What was on William Leggett's mind when he wrote A Dying Team Screams for Help (May 16)? To see how much he could run the Yankees down? With all that talk about how bad the Yankee organization is and what is in store for them in the future, I would like to remind Leggett that, regardless of what the Yanks look like now, no other team will ever attain the same high degree of year-after-year championship baseball. I hope the Yankees bounce back and cause all the other teams to cry like they used to! Then you would really have something to hack and cough about. Yankees forever!
Rio Dell, Calif.
The Yankees are down now, but don't be naive enough to count them out!
You will probably receive at least nine vituperative letters for every one that agrees with Leggett's sentiments. Yankee fans, as a breed, tend to be so emotional that they write off all opposition as mere jealousy. Any sane Yankee hater will admit some envy at the core. But it goes much deeper than that. We were nauseated that for a quarter of a century they retained that master of the myth of invincibility, Mel Allen. We despised the business image of the brass, and we just didn't take to the idea of being treated as dirt by their contemptuous ushers! Our era began on a Sunday in October 1963, when lugubrious Mel, with tears in his voice, wrapped up the fourth and final game of the World Series. Even in our finest hour, humiliated Yankee fans rebuffed our jibes with echoes of ancient glory. Now that's all they have, and we're exultant.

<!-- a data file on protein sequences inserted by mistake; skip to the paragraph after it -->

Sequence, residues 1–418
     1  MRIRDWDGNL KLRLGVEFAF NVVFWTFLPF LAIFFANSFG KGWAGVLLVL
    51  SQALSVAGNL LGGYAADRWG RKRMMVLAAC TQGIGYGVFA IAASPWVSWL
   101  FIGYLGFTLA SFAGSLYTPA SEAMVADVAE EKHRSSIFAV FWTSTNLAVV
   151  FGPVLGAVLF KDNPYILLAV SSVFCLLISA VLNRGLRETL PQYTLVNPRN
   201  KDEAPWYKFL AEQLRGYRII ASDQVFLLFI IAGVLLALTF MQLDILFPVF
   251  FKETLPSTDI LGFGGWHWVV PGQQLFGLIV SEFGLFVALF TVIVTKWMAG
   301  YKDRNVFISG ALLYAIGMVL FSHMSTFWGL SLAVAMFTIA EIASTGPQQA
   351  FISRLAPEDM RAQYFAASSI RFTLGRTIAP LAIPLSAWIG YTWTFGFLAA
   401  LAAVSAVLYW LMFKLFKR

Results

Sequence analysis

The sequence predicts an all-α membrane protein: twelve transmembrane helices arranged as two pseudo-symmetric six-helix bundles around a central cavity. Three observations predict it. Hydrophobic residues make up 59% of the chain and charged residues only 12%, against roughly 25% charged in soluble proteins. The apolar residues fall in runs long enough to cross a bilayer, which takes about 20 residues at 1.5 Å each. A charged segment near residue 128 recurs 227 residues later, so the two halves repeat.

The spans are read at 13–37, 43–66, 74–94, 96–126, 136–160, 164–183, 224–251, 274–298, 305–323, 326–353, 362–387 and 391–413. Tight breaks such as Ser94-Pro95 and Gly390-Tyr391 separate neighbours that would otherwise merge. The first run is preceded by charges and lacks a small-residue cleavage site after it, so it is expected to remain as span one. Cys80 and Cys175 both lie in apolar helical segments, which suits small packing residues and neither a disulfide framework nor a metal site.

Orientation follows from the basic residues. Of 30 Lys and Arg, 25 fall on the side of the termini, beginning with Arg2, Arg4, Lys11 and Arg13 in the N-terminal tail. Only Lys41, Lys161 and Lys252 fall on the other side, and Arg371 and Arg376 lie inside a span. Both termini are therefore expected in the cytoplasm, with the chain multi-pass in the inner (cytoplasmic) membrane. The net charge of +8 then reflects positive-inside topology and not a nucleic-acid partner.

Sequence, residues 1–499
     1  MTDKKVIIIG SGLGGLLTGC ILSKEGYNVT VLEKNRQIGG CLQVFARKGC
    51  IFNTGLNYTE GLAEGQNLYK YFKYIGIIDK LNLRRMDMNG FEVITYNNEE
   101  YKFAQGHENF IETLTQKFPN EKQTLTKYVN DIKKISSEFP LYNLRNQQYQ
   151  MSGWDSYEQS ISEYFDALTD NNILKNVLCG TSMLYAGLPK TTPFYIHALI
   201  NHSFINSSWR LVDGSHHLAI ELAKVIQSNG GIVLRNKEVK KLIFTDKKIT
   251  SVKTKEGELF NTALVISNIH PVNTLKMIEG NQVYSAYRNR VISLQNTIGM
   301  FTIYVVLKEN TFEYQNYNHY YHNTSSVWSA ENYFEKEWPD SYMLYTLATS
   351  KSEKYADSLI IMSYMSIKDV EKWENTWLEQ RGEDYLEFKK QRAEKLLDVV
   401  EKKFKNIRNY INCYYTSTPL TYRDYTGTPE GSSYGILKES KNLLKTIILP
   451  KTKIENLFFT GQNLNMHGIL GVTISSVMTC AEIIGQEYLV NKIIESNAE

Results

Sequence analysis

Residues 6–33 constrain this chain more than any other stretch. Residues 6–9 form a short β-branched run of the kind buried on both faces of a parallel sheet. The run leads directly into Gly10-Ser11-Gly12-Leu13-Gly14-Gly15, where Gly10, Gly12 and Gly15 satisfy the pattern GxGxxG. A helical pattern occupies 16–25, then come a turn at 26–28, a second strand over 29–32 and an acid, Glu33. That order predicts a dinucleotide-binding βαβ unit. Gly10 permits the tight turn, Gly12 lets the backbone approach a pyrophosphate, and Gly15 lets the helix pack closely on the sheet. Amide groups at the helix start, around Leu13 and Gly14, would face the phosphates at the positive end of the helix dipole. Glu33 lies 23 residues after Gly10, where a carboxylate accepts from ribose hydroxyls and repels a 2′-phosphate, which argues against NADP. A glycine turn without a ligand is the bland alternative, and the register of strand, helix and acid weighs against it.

Hooray for Bill Leggett!
May 29, 1966
During the recently completed National Hockey League season, I thought I noticed more articles on hockey than there had been the year before, and your LETTER FROM THE PUBLISHER (May 16) confirmed this. I congratulate SI on its new policy, and I can assure you that television will add tremendously to the popularity of hockey throughout the country.
I must, however, disagree with your views on fights and brawls during hockey games. I think most people enjoy watching the players roughing it up and at certain times this is necessary, particularly when one player is hanging on to another and holding him and hooking him as Bryan Watson did to Bobby Hull in the Stanley Cup semifinals. As you said, as soon as Montreal had defused Superpest, he was no longer effective.
"It's bigger than bingo" (May 16), is it? It sure is, and bowling is also bigger than baseball, basketball, football, golf, hockey, tennis, track and field, hunting and fishing. It is much bigger than automobile racing, boating, boxing, curling, and lacrosse. Granted it doesn't draw as a spectator sport, but bowling must be about the No. 1 participant sport in the country. For countless weeks I have followed your magazine, fruitlessly seeking information on my favorite sport. At last, four whole pages. And what happens? You've made a joke of it.